The Old (Debtor’s) Dominion



Staunton is a hilly town.  This morning, I ran up West Johnston Street which stretches for a mile  from the downtown up a steep slope.  Straight up. 

In Virginia, we are creating another mountain which is hard to climb.  It’s called state-supported debt.

Debt?  In the Old Dominion?

As every school child knows, Virginia has traditionally operated  on the “pay as you go” model instituted by Governor Harry Byrd in the 1920′s.  Governor Byrd insisted on using cash, and not debt, to build the state’s highway system.  This approach led Virginia to become the first U.S. state to be rated “AAA” by the Wall Street rating agencies in 1934.

That positive legacy has stayed with us for the past 76 years.  Today, Virginia is still one of only 7 states to be “AAA” rated, which allows us access to the cheapest credit when we do borrow.  One of the reasons for this highest rating is our voluntary 5% “debt to equity” ratio on our borrowing.  In other words, Virginia will not issue debt if the total outstanding is more than 5% of general fund revenues.

That’s an important standard.  Yet we do borrow. 

Historically, that borrowing went for capital projects at our state universities.  While that is still a factor, increasingly universities pay for non-academic buildings (dorms, student unions, stadiums) out of “9d” bonds which are paid back from non-general revenue, e.g. student fees.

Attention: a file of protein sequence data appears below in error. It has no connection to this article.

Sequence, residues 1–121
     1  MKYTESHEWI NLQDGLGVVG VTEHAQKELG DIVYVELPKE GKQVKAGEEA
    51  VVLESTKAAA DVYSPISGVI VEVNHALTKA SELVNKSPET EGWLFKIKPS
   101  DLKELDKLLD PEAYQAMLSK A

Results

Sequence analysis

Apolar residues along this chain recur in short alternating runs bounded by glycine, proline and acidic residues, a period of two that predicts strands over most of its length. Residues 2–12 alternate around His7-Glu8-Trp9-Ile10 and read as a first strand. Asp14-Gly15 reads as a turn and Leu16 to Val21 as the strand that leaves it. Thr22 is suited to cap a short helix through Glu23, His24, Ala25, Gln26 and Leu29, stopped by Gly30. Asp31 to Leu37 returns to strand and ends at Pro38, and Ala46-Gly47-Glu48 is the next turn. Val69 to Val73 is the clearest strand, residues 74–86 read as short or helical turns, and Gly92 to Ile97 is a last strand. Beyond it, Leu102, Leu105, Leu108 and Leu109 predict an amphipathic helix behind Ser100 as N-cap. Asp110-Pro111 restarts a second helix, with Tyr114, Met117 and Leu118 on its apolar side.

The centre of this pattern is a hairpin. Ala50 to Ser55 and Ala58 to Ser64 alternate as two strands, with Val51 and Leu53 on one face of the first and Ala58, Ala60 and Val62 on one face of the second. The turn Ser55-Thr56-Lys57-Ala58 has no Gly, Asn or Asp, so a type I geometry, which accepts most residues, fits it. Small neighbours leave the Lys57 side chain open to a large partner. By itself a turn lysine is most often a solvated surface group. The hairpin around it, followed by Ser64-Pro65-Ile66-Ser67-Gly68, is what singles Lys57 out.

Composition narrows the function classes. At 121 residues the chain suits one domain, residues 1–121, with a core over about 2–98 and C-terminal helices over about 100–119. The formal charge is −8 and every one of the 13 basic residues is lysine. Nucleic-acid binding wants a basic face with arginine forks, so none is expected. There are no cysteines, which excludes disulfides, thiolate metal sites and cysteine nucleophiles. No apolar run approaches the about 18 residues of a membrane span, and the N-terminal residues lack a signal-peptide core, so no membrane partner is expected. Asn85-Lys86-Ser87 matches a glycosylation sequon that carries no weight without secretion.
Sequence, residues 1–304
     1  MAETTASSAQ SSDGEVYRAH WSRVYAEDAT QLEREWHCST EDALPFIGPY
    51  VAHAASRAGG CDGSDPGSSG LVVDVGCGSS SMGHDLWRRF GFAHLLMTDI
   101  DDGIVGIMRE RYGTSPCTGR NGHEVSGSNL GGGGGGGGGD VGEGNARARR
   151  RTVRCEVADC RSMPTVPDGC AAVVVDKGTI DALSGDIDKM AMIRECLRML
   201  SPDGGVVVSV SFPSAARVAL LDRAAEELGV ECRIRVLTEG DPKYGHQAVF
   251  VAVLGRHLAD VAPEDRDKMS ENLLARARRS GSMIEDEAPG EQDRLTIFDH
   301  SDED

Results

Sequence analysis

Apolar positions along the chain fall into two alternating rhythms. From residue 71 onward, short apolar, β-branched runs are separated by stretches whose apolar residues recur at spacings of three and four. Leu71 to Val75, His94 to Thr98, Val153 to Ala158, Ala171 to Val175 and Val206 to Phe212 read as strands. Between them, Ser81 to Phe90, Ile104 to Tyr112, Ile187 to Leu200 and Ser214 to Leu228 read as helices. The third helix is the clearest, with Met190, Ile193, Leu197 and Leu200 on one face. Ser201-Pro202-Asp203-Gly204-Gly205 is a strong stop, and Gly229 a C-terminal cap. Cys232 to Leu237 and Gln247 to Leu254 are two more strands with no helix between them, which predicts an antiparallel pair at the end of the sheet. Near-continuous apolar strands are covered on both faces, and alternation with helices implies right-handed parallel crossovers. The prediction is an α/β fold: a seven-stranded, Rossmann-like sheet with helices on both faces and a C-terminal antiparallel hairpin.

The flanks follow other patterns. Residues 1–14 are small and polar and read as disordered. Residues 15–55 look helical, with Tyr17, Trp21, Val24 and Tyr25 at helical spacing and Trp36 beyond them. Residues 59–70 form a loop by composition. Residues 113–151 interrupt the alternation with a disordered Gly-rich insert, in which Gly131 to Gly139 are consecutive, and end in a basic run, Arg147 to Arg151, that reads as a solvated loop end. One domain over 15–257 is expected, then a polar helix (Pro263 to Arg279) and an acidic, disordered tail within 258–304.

Today state borrowing increasingly subsidizes highway projects.  Not just new construction but existing maintenance.  In other words, we’re borrowing money to repave our roads, while using student fees to build our college campuses.

No, it doesn’t make sense.

Today Virginia has about $9B in aggregated outstanding tax-supported debt.  (That’s still a modest number and less than Maryland which has 60% of our population).  Annual service on that debt is approx. $594M, which is a large portion of our General Fund budget.

What is more worrisome is that an additional 52% of our dedicated Transportation Trust Fund dollars (from gas tax  and car titling tax) are being used to pay down debt, not as cash for existing maintenance or new projects.  That is a radical change from our system, even ten years ago.

The reason is that the Assembly in 2000 and 2007 passed ambitious transportation programs, without new revenues or constitutional mechanisms to raise the funds.  (FWIW, I was not in either legislature).  So the bonds are issued and paid back with existing funds. 

Now Virginia is sitting on the authority to issue another $3B in transportation bonds,without any new taxes or revenues to pay them back.  Some lawmakers are talking about raising our debt ceiling to let those bonds be issued in 2011.

More debt without any accountability?  Somebody get me the Tea Party on the phone.

In the meantime, the projects are started.  The bonds are issued.  And they’re paid back with borrowed dollars for which our kids will pay the interest.

And the mountain slowly grows.

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